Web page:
I encourage everyone to share and invite new people to be a part of what they already know and involved in, but for now I am just looking forward to Week 2 of the NFL season.

-Doug

Categories: 
December 7, 2007

Time for Change

As I watched the Dallas Cowboys dismantle the Green Bay Packers last Thursday night, I noticed an ever so slight – almost invisible – passing of the torch from Brett Favre to Tony Romo. It became quite clear – Football is a young man's game.

As I sat and pondered what that must feel like for Brett and his crew, I noticed frightening similarities between hosting and football. Hosting appears to be a young man's sport as well.

Now, before you guys (there I go again) pile on and beat me down – hear me out. I am not saying that Brett and his older brethren are washed up and incapable of playing football – but I am saying, their primetime has passed and any future success should be considered borrowed time on a great career coming to conclusion. Facts are facts – professional football is a very physical and mental job and the youth + skill appears to outweigh age + experience.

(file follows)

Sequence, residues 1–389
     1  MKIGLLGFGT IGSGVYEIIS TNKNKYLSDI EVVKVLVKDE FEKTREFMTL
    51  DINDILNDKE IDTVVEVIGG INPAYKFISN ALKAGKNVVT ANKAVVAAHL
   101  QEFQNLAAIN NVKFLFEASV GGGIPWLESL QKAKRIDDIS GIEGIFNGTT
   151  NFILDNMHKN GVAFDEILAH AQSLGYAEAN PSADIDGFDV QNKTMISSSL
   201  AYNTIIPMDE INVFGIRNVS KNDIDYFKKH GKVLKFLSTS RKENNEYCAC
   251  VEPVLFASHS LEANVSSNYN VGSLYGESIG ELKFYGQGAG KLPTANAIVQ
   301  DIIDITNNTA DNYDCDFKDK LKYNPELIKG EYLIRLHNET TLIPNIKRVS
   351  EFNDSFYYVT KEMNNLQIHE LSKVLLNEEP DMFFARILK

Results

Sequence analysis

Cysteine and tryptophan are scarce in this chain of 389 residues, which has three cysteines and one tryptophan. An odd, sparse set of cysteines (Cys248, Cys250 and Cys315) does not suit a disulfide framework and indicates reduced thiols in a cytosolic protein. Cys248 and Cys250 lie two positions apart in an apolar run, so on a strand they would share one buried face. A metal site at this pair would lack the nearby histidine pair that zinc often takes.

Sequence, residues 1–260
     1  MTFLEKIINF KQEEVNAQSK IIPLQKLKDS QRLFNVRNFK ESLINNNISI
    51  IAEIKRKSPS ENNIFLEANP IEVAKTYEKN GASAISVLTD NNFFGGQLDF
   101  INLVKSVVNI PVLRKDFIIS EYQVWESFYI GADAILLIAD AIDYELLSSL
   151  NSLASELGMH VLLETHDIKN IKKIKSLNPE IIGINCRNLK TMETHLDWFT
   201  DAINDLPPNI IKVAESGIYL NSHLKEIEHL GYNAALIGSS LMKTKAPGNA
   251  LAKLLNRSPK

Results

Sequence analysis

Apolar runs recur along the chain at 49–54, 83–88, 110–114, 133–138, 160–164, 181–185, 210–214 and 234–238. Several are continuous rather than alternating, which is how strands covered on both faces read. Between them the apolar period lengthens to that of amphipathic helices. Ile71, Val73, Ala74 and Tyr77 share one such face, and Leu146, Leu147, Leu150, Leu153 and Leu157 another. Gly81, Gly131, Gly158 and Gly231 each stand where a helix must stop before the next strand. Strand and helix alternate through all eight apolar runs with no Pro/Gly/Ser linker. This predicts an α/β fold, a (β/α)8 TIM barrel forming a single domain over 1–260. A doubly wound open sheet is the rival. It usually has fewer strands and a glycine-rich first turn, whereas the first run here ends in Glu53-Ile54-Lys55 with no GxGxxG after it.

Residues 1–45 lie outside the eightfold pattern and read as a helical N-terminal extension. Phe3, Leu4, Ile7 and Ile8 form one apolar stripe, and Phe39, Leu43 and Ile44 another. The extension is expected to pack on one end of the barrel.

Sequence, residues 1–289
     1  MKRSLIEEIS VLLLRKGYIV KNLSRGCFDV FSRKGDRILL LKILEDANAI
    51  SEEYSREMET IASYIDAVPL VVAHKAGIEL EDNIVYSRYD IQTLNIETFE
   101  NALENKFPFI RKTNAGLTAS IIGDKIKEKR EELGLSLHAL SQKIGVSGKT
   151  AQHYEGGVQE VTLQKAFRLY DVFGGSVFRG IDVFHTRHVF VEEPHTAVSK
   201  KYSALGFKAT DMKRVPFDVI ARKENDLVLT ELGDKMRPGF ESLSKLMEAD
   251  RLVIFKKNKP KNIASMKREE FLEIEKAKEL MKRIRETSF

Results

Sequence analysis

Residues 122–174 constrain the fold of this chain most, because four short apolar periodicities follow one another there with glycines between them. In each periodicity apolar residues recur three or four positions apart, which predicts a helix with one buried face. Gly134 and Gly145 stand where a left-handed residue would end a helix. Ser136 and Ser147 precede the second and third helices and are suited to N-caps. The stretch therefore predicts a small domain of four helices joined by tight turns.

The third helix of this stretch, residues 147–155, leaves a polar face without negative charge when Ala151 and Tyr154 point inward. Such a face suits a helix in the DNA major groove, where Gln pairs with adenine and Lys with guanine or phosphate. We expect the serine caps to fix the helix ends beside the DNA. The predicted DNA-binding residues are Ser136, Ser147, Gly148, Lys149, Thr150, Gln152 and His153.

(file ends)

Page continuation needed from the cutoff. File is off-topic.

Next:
This leads me back to hosting. A world full of very young and extremely talented players. An industry where degrees and certifications come in a distant second behind skill and innovative thinking. I often find my thirty-something (barely) resume on-the-line with both new and old competitors. I can assure you, the young competitors terrify me, and the older ones typically bore me.

The recent interviews for potential new hires here at SL are eye-opening. Young Guns coming out of high school with Cisco Certs, college students working on cutting edge technologies and of course – the prodigy that shows up from time to time who was born to design and innovate beyond all our wildest dreams.